Why are Businesses Afraid of Direct Customer Relationships?
Today, countless merchants use third-party marketplace platforms to manage their customer data and relationships. These third-party marketplace platforms handle the logistics of end-to-end ordering and often incorporate built-in marketing strategies. However, through this process, merchants lose oversight of their customer data and the direct relationship with their customers. This can cause a variety of issues, including a loss of control over customer loyalty and experience, an inability to grow brand awareness, and a decrease in retained revenue.
For many merchants, this reliance on third parties has a lot to do with a reluctance on their part to own their customers. For these businesses, the fear of owning their customers has to do with many of the following factors:
1. They are Worried About Handling Their Own Marketing
Reaching customers today is complex. Fueled by both the pandemic and continual improvements in technology, most consumers rely on digital channels for making their purchasing decisions. In fact, according to Google, 59% of shoppers use Google to research a purchase they plan to make either in-store or online.
For many merchants, reaching customers through online channels can feel overwhelming. From social media marketing to running Google Ad campaigns, there are countless methods for targeting customers throughout the purchasing journey.
Because this can feel outside of the realm of a business owner’s expertise, many merchants choose to use a third-party platform that will handle marketing in-app.
A prime example of this is in the restaurant industry. Marketing a restaurant online, ranking for important local search keywords, and handling digital orders can feel like too much for a small business to handle. These restaurants turn to third-party apps, such as GrubHub or UberEats, to act as their primary form of marketing.
While this does solve the problem in part, there is often a high price to pay for earning a top-ranking position on these apps. And it can be extremely limiting to a brand’s growth.
Comparatively, when a merchant can find a way to handle their marketing, they can increase their reach with a much lower dollar spend.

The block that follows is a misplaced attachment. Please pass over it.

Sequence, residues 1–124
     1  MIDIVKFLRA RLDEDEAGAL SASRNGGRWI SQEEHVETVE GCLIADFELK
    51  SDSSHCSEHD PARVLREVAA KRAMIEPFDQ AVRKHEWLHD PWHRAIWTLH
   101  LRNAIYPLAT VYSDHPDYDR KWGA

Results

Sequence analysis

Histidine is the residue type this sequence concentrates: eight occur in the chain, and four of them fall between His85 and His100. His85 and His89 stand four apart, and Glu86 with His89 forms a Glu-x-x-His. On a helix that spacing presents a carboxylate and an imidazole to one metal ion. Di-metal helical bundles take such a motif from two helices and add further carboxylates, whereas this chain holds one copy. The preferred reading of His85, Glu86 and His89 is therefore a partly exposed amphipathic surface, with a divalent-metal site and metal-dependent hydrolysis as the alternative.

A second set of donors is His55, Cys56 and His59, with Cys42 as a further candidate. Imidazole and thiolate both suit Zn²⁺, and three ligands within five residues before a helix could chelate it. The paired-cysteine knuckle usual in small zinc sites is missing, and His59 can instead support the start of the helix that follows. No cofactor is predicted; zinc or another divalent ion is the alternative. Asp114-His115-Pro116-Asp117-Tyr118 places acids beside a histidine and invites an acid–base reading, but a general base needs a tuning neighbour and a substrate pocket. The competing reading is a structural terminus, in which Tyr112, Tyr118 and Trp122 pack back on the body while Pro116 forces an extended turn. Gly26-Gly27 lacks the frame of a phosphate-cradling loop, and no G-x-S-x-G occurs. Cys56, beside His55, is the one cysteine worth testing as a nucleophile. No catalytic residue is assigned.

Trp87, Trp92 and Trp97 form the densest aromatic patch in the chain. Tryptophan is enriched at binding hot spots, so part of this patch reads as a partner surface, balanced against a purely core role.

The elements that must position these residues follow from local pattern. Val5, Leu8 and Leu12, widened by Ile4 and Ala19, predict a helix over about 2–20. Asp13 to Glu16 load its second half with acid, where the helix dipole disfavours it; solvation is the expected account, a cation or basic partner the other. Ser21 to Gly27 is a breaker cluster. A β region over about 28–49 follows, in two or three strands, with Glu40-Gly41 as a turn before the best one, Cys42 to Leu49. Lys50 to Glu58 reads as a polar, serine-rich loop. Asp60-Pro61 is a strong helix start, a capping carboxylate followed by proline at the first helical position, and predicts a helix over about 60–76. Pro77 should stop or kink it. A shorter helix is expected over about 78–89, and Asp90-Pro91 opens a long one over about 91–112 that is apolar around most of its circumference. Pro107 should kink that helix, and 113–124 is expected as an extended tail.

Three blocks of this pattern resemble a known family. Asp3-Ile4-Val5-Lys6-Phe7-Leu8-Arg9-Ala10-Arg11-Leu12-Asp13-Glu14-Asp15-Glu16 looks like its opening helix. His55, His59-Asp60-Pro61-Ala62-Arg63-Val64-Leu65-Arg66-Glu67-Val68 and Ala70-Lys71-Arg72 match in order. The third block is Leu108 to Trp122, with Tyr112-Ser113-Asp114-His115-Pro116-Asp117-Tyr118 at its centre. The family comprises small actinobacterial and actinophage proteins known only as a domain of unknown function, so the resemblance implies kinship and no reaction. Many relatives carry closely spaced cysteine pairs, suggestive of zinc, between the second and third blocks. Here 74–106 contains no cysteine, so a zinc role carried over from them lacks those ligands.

2. They are Concerned About the Cost Associated with Maintaining Direct Relationships
Maintaining direct relationships with customers can be hugely beneficial. However, this task comes with a cost that many merchants feel is prohibitive.
To maintain direct relationships with customers, a merchant has to have a customer management system in place. They need a way to store customer data securely, and they have to tie everything together to allow for seamless communication.
For many merchants, in the past, this has involved the use of numerous platforms, which is not only unwieldy and inefficient but can also be extremely costly. Paying for numerous subscriptions, outsourcing components of the relationship management, and even paying for in-house staff to interact with customers can all become too much for a small business to handle.
For this reason, a lot of merchants choose to use a third-party platform to own their customer relationships. This can make it less costly to manage these relationships, but it can also be extremely risky, as indirect relationships are often fraught with issues. Merchants lose insight into these relationships and lose most of their control over the customer experience.
3. They Find It Easier to Pay Commissions for Orders Rather Than Manage End-To-End Ordering on Their Own
In most cases, using a third-party platform for end-to-end ordering involves a loss of revenue paid out in commissions for each order placed. While losing out on that revenue is not ideal, many merchants simply find it easier than attempting to manage end-to-end ordering on their own.
For some merchants, this is due to a poor experience in the past. They may have attempted to own the process, only to find major hurdles in the way. Handling inventory levels, ensuring accuracy in order placement, allowing for multiple payment options at checkout, and making certain of timely delivery can be challenging.